To survive in a volatile world businesses must build in resilience
Article by Wayne Visser
Part of the Unlocking Change series for The Guardian.
In a changing world it is not the fittest who will survive; it is the most adaptable.
If you have landed on this page wearing your superhero outfit – and I admit, I may be partly to blame – I’m going to have to ask you to remove your mask, cape and tights now. Don’t get me wrong, when the world needs saving and I’m done paying off my mortgage and carrying out the trash, I’ll be the first one to dial-a-superhero. But in the meantime …
You see, the world has this nasty habit of changing without our permission; in fact, without us having so much as poked it in the eye. And so we – as individuals, organisations or whole nations – often find that we are no longer the agents of change, but rather its victims. Change happens! And we are left somewhere between mildly irritated and battling for our very survival.
According to Business Week, the average life expectancy of a Fortune 500 company is between 40 and 50 years. One-third of the Fortune 500 companies in existence in 1970 had vanished by 1983 – acquired, merged, or broken to pieces. Looking across the full spectrum of companies, large and small, the average life of companies may be as low as 12.5 years.
Can we really afford to talk about long-term sustainability, when short-term survival is so hard to achieve? The sobering fact is that we face a future in which saving the world may have to wait, while we save ourselves first. Chances are, we will even have to give up the smooth and swanky practice of sustainability, while we get down and dirty in the trenches of rough, rude resilience.
The bad news is that our silky green spandex outfits are probably not going to survive the trip. The good news is that resilience can be learned and planned for in advance. In a world of increasingly volatile sustainability challenges, there are five strategies for resilience that can dramatically increase our chances of survival when the waves of disruptive change come crashing in. They are to: defend, diversify, decentralise, dematerialise and define.
A defensive strategy can take on many forms, the most obvious of which is to insure against catastrophe, whatever form that may take. This only works if the crash is not systemic, but it is a good start. Other tactics include having a crack-squad of trouble-shooters trained to respond in times of crisis, and building up reserves for the proverbial rainy day, which may turn out to be a tsunami.
A diversification strategy applies to people, products and markets. For example, if you bet your corporate life on being a fossil fuel company, rather than an energy company, or if you are locked into a local market without any global investments, you are highly vulnerable. Likewise, if you hire an army of clones, your lack of diversity will leave you brittle in the face of change.
A decentralisation strategy is based on the same rationale that inspired the Internet. By decentralising information and building in redundancy on local servers, the internet is far less vulnerable to being taken out in a single hit. In the same way, by decentralising operations, infrastructure and solutions – as with decentralised energy for example – we can be better prepared to cope with disruption.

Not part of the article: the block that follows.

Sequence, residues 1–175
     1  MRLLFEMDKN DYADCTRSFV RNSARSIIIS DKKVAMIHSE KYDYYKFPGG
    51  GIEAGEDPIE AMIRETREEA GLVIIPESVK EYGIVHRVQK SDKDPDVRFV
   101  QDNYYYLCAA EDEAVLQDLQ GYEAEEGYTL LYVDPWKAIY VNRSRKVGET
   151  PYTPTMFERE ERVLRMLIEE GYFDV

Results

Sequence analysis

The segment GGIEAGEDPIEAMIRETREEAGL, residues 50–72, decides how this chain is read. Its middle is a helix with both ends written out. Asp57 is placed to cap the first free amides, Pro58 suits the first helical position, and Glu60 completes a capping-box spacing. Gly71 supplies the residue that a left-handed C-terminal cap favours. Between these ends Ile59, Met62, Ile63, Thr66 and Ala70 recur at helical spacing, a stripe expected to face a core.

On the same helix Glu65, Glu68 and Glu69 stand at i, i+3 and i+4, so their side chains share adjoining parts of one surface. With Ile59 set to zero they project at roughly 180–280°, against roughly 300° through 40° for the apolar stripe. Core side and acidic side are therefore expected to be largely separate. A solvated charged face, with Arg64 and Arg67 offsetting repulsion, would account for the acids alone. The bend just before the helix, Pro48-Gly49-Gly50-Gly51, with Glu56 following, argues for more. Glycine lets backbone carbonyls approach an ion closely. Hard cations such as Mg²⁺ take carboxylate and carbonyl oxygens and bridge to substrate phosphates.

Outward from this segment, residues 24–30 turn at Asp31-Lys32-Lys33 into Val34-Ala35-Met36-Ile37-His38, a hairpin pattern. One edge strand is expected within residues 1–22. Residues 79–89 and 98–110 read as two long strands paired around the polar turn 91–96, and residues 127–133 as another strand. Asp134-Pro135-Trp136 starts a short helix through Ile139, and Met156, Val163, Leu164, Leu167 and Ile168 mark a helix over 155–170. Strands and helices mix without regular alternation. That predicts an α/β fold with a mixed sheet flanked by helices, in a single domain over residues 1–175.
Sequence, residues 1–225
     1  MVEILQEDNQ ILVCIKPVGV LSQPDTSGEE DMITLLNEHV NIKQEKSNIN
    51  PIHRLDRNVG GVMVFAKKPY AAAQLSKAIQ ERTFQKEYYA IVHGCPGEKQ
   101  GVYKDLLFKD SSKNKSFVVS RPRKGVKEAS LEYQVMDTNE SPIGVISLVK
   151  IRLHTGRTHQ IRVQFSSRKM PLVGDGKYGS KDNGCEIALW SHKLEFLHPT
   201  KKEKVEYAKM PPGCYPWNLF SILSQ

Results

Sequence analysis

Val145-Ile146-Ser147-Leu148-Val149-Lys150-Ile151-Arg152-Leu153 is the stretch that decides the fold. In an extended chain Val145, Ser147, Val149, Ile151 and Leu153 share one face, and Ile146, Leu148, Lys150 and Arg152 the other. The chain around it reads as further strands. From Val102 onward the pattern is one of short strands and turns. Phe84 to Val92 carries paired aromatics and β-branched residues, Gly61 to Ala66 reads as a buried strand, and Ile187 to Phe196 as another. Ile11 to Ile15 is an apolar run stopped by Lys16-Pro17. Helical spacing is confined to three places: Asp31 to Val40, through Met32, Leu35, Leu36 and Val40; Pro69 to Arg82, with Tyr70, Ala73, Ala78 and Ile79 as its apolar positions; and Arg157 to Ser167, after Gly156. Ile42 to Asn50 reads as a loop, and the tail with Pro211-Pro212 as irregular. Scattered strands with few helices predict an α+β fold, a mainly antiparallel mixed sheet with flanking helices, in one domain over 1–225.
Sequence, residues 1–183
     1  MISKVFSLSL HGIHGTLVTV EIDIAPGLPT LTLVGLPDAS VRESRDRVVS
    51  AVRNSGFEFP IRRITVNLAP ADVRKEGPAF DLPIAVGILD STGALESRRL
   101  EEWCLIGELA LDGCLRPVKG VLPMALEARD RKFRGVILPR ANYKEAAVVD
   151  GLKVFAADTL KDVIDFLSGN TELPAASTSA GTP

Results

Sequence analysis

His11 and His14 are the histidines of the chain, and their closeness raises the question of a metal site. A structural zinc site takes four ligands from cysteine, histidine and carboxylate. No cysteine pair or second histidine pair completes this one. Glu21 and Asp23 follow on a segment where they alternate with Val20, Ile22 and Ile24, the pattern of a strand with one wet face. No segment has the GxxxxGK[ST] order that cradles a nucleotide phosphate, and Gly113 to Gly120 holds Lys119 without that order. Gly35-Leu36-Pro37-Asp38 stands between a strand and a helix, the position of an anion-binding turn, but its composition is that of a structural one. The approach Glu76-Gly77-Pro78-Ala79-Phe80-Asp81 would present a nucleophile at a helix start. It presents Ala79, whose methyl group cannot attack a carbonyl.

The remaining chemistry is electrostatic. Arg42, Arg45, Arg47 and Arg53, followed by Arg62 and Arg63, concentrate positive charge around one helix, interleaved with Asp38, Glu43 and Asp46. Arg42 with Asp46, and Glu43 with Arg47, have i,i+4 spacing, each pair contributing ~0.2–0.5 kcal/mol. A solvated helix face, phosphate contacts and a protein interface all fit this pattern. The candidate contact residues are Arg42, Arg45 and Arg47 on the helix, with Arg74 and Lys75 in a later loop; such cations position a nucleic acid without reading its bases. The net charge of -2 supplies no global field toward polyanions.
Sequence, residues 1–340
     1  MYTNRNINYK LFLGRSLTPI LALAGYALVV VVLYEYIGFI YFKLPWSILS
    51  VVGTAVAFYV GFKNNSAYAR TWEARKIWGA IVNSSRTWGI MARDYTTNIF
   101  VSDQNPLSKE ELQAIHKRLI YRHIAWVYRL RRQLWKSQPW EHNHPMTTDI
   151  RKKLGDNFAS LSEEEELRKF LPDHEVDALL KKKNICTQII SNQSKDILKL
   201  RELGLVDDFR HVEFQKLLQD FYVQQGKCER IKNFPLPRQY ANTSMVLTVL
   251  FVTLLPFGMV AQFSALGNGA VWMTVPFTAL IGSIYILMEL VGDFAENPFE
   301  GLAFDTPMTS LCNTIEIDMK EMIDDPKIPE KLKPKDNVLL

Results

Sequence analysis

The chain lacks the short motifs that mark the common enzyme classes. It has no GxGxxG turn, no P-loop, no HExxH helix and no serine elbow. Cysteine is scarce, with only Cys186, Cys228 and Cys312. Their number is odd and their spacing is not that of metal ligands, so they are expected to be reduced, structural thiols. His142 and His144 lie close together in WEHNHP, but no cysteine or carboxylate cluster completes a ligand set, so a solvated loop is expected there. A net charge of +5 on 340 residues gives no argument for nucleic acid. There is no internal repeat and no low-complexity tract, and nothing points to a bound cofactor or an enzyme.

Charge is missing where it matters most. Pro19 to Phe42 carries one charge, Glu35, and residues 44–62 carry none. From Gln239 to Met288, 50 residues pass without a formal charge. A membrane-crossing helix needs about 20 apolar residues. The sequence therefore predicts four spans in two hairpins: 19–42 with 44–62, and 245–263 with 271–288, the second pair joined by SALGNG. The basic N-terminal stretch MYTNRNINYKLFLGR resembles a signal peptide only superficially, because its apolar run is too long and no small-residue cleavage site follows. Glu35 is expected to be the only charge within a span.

A dematerialisation strategy means moving to an industrial model that reduces dependency on resources. The only viable way to do this in the long term is to shift to renewable energy and to optimise the circular economy. Hence, anything we can do to decouple economic growth from environmental impacts is a step in the direction of greater resilience.
A defining strategy is about giving people a purpose to believe in. Victor Frankl, survivor of four Nazi concentration camps and psychiatric author of Man’s Search for Meaning, gives compelling evidence that our resilience under extreme circumstances often comes down to having an existential belief about something worth living for. Can sustainability offer us this compelling cause?
By pursing these five resilience strategies, individuals, organisations and even countries will be much better placed to endure the creative destruction to come. However, preparing for change is not the same thing as surviving it. Resilience is not a strategy, but an ability – one which is shaped and tempered in the fire of extreme experience.
At its heart, this ability to be resilient is about adapting when everything around us is changing – like an aspen tree. Aspen forests are able to survive frequent avalanches that literally flatten them. The trees survive and spring back up because they have an interconnected network of underground roots and their trunks and branches are highly pliable.
This brings us back full circle to the message of my first article on unlocking change, namely that the secret to transformational change in the world is connectivity – to which we can now add that dexterity is also absolutely critical. After all, Darwin never claimed that the fittest would survive, only the most adaptable.
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[button size=”small” color=”blue” style=”tick” new_window=”false” link=”http://www.waynevisser.com/books/the-quest-for-sustainable-business”]Link[/button] The Quest for Sustainable Business (book)
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Cite this article
Visser, W. (2013) To survive in a volatile world businesses must build in resilience. The Guardian, 28 October 2013.